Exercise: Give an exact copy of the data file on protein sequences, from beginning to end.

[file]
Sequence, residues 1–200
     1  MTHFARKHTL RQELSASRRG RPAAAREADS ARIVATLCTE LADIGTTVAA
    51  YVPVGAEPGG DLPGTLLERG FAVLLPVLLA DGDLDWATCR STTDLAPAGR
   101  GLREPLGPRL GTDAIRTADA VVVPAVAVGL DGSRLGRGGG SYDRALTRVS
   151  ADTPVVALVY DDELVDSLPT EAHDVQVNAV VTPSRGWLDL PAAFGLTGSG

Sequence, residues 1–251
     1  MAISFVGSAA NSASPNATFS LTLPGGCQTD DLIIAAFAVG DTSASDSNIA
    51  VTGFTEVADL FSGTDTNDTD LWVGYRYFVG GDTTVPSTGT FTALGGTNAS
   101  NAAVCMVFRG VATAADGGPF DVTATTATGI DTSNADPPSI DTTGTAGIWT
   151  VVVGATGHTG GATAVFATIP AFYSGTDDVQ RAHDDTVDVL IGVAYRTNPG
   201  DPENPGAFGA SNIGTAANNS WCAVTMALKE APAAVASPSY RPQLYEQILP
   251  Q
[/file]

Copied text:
Sequence, residues 1–200
     1  MTHFARKHTL RQELSASRRG RPAAAREADS ARIVATLCTE LADIGTTVAA
    51  YVPVGAEPGG DLPGTLLERG FAVLLPVLLA DGDLDWATCR STTDLAPAGR
   101  GLREPLGPRL GTDAIRTADA VVVPAVAVGL DGSRLGRGGG SYDRALTRVS
   151  ADTPVVALVY DDELVDSLPT EAHDVQVNAV VTPSRGWLDL PAAFGLTGSG

Sequence, residues 1–251
     1  MAISFVGSAA NSASPNATFS LTLPGGCQTD DLIIAAFAVG DTSASDSNIA
    51  VTGFTEVADL FSGTDTNDTD LWVGYRYFVG GDTTVPSTGT FTALGGTNAS
   101  NAAVCMVFRG VATAADGGPF DVTATTATGI DTSNADPPSI DTTGTAGIWT
   151  VVVGATGHTG GATAVFATIP AFYSGTDDVQ RAHDDTVDVL IGVAYRTNPG
   201  DPENPGAFGA SNIGTAANNS WCAVTMALKE APAAVASPSY RPQLYEQILP
   251  Q